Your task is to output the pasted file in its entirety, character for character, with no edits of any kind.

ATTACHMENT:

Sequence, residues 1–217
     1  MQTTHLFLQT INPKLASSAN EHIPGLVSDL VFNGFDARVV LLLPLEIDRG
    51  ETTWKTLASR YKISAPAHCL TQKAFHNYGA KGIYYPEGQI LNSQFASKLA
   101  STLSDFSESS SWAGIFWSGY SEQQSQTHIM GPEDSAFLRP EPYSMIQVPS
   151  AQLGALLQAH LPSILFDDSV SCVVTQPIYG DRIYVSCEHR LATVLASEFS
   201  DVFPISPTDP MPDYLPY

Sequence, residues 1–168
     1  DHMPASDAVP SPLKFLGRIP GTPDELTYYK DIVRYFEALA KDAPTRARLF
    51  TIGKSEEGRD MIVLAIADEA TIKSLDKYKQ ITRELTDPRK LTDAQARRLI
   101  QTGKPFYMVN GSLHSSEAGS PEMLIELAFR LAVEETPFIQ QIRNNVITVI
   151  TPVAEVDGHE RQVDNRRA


Sequence, residues 1–217
     1  MQTTHLFLQT INPKLASSAN EHIPGLVSDL VFNGFDARVV LLLPLEIDRG
    51  ETTWKTLASR YKISAPAHCL TQKAFHNYGA KGIYYPEGQI LNSQFASKLA
   101  STLSDFSESS SWAGIFWSGY SEQQSQTHIM GPEDSAFLRP EPYSMIQVPS
   151  AQLGALLQAH LPSILFDDSV SCVVTQPIYG DRIYVSCEHR LATVLASEFS
   201  DVFPISPTDP MPDYLPY

Sequence, residues 1–168
     1  DHMPASDAVP SPLKFLGRIP GTPDELTYYK DIVRYFEALA KDAPTRARLF
    51  TIGKSEEGRD MIVLAIADEA TIKSLDKYKQ ITRELTDPRK LTDAQARRLI
   101  QTGKPFYMVN GSLHSSEAGS PEMLIELAFR LAVEETPFIQ QIRNNVITVI
   151  TPVAEVDGHE RQVDNRRA